Franklin Pierce (November 23, 1804 – October 8, 1869) was the 14th President of the United States (1853–1857) and is the only President from New Hampshire. Pierce was a Democrat and a "doughface" (a Northerner with Southern sympathies) who served in the U.S. House of Representatives and the Senate.
Franklin Pierce tried hard to keep the peace between the North and South, but his support of the Kansas-Nebraska Act of 1854 brought the country one step closer to civil war. The act called for settlers to decide among themselves whether or not to allow slavery in their territories, but the result of the act was a bloody border war between pro and antislavery factions as each side tried to bring in enough supporters to win the vote.
Franklin Pierce was born on Nov. 23, 1804, in Hillsboro, New Hampshire. He served in the U.S. House of Representatives and in the Senate. He was elected as the 14th president of the U.S. and served from 1853 to 1857. He promoted territorial expansion, created the U.S. Court of Claims and encouraged a transcontinental railroad. He was not elected for a second term and retired from politics.
Like many American politicians, Franklin Pierce's career was aided by his father, a two-term governor of New Hampshire. Before he was thirty, Franklin Pierce had served in the New Hampshire legislature and had been elected to the U.S. Congress where he served as both a congressman and senator. Bored and lonely in Washington, the young congressman developed a drinking problem and a reputation as a gossipy Washington insider. In an attempt to settle down, the handsome, socially gregarious Pierce married Jane Means Appleton. Jane Pierce was her husband's opposite; she was painfully shy, deeply religious, often in bad health, and a strong advocate of the temperance movement. She detested Washington and refused to live there, even after Pierce became a U.S. senator in 1837. Indeed, Jane's disgust with the political life in Washington must have been behind Pierce's decision to resign from the Senate in 1841.
By the election year of 1852, the issue of slavery in the territories divided the nation, with southerners insisting that they should be allowed to take their slaves into any new territories, and a growing group of northerners commited to free soil without the competition of slaves. Both Democrats and Whigs found it more and more difficult to appeal across the sectional divide. In order to protect the South, the Democratic Nominating Convention required a two-thirds majority of votes for President. But a proslavery northerner might attract both sides.
Franklin Pierce was that man. Nominated in 1852, after the convention deadlocked for 48 ballots, Pierce ran againt the Whig general Winfield Scott, his commander in the Mexican War. Historians agree that "Fainting Frank" did not so much win the election; rather, "Old Fuss and Feathers" bungled the campaign with long, uninspiring speeches. More importantly, the Whig party was losing popularity, and Scott was its last presidential candidate.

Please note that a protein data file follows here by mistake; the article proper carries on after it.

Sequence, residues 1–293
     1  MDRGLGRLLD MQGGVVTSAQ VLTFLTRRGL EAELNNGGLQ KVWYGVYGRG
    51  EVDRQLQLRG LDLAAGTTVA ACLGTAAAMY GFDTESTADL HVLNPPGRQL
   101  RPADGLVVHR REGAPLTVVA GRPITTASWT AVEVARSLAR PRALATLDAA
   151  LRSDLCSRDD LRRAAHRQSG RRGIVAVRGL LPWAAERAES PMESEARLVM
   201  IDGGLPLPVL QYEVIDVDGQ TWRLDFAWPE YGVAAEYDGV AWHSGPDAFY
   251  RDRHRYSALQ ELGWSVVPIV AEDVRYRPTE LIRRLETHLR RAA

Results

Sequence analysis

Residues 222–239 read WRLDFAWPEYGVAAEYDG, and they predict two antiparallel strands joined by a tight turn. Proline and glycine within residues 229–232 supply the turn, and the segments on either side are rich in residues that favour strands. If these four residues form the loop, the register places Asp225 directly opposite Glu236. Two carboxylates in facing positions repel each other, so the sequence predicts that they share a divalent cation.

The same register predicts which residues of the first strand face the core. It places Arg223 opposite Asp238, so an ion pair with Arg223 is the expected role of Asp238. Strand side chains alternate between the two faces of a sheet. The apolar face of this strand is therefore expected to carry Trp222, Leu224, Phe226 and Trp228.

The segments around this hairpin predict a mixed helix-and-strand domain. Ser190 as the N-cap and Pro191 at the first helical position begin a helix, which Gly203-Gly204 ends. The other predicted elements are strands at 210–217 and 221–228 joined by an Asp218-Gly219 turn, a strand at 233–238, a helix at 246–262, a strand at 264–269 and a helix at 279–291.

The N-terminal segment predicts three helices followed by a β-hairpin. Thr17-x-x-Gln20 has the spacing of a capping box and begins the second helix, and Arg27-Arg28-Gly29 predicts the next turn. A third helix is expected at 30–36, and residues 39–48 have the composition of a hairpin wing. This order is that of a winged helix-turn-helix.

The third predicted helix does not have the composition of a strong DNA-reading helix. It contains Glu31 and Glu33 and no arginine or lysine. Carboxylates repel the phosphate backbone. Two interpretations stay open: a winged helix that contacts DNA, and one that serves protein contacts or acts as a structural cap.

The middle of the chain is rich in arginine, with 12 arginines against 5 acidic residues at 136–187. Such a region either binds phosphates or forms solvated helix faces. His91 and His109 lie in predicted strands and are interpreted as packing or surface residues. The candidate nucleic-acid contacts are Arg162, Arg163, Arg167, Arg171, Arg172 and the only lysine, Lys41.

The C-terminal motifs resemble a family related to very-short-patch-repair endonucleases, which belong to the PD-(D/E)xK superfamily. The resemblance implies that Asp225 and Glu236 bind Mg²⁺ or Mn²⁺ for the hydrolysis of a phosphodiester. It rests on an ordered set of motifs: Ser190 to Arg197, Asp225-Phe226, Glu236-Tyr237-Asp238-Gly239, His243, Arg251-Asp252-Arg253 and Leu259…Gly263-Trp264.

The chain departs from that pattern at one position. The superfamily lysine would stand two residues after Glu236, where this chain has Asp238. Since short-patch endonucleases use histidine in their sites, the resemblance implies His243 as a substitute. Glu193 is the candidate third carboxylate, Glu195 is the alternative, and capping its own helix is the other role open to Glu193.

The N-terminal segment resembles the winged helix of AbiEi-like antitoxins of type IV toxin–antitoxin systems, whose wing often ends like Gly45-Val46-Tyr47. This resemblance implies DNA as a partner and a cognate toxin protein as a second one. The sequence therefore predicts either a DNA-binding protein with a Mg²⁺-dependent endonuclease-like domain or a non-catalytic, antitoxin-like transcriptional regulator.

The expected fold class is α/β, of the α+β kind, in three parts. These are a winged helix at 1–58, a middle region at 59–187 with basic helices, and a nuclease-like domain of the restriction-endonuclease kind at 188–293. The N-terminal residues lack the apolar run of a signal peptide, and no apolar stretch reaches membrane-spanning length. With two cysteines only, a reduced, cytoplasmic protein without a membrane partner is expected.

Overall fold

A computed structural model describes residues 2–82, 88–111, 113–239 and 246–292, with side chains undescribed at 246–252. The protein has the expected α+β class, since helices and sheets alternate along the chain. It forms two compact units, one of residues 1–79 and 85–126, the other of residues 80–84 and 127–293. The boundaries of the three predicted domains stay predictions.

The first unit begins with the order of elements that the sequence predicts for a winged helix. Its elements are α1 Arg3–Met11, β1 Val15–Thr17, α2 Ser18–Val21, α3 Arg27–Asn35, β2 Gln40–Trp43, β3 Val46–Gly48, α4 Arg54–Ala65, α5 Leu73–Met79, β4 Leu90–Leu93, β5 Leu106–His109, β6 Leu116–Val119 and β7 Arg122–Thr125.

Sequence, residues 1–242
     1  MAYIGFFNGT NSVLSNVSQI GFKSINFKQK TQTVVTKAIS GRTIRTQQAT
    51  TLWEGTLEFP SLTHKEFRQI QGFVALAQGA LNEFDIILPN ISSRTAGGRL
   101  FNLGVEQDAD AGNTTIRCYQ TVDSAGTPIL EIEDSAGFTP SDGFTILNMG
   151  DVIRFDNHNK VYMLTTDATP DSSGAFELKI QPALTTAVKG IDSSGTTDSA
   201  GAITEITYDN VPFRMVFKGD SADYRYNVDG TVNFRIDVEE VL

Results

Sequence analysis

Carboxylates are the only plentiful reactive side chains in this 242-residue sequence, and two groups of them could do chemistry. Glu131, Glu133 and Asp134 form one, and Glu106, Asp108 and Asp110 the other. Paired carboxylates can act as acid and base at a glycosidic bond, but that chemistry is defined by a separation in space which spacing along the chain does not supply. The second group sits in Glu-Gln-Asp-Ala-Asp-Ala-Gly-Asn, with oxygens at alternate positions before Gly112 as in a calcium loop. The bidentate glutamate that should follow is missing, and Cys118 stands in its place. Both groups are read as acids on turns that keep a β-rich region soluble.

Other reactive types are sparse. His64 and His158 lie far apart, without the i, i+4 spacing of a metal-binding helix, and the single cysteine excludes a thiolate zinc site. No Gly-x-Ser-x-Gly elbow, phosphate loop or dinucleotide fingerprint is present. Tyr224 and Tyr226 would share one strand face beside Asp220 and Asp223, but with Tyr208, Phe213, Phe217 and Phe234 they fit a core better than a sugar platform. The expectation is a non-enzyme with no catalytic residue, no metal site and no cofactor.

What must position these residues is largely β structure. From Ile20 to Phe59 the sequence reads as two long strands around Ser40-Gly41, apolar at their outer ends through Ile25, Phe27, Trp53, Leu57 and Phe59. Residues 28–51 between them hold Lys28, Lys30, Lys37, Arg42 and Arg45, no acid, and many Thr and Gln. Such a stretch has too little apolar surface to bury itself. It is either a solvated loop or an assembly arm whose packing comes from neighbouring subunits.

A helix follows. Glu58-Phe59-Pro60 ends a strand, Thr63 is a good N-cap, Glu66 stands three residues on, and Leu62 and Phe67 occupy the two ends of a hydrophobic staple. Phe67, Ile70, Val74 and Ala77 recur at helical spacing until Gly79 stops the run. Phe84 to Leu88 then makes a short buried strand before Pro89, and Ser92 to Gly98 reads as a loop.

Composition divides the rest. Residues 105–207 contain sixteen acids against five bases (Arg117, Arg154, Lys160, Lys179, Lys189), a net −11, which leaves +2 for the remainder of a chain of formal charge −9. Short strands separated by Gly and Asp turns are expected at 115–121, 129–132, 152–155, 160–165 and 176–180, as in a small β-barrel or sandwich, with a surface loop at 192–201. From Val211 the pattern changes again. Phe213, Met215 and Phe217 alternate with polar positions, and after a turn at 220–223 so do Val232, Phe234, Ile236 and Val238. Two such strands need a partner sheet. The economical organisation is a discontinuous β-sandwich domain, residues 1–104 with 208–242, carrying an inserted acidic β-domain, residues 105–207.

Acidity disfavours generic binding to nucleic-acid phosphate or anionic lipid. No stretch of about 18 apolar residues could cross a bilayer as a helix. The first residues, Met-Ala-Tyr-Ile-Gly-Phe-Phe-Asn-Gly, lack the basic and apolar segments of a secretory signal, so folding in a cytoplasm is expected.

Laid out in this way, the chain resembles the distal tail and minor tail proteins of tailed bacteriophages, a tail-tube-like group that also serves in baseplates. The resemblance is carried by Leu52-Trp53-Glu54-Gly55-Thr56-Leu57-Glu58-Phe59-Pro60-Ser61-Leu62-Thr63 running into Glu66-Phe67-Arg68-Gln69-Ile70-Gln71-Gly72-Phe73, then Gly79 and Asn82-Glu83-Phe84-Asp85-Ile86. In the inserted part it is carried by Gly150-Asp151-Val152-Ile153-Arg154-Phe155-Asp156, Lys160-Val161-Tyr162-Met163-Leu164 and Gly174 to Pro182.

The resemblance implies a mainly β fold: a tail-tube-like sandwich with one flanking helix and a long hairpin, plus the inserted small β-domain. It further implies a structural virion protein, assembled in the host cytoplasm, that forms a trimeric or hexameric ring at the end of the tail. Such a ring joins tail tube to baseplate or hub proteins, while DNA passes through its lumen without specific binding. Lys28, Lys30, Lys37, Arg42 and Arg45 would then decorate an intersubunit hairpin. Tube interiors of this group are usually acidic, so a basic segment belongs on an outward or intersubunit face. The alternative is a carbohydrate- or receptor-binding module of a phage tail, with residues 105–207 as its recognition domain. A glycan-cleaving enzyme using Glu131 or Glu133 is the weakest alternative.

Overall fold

Because of his popularity, personal charm, and family lineage, he enjoyed a meteoric political career in New Hampshire. Still in his twenties, he was elected four consecutive years to the state house of representatives, and in the final two of those terms his admiring colleagues chose him as Speaker.
Historians usually rank Pierce among the six or eight worst presidents the country has ever had. Two things primarily account for that negative judgement. A passionately committed Democratic Party loyalist, Pierce during his presidency managed to divide his party into fiercely warring factional camps. More important, he helped propel the nation down the road to Civil war. As a result, Democrats suffered monumental defeats in the off-year congressional elections of 1854-1855 and were reduced to a minority of the national electorate, a status they would suffer until the mod-1870s.
Various explanations have been offered for this sorry record. Some attribute it to personal mistakes in Judgement and a lack of farsighted statesmanship on Pierce's part. Others portray Pierce, for all his amiability, as a fundamentally weak man who craved the approval of his peers and who deferred to stronger personalities in his cabinet and party. Still others site external forces over which he had no control and which overwhelmed his presidency.
His father was a former governor of New Hampshire. The future president graduated from Bowdoin College, studied law, and began his practice in 1827. He became involved in Democratic politics, served in the state legislature and the U.S. House and Senate. He left the Senate in 1842 and returned to his law practice. He served as a brigadier general in the Mexican War, in which his service was marred by injuries and mishaps.
At age 48, Franklin Pierce was the youngest President yet elected, and he would leave the nation divided. In the South fears were high that the western territories would enter the Union as "free" states, giving the North a political advantage. In the North, hatred against European immigrants flared as Pierce defended their rights under the Constitution. But, it was the Kansas-Nebraska Act of 1854, which allowed settlers to choose whether to allow slavery that would shatter the nation's stability. Pierce stood by his party's extreme pro-slavery line and supported the bill. Armed conflict quickly erupted. He was denied his party's nomination for a second term. The Pierces left for Europe shortly after his term ended.
During Franklin Pierce's formative years the Pierce Homestead served as a gathering place for statesmen and politicians of the era. Pierce studied at Bowdoin College in Maine, where he established a lifelong friendship with writer Nathaniel Hawthorne.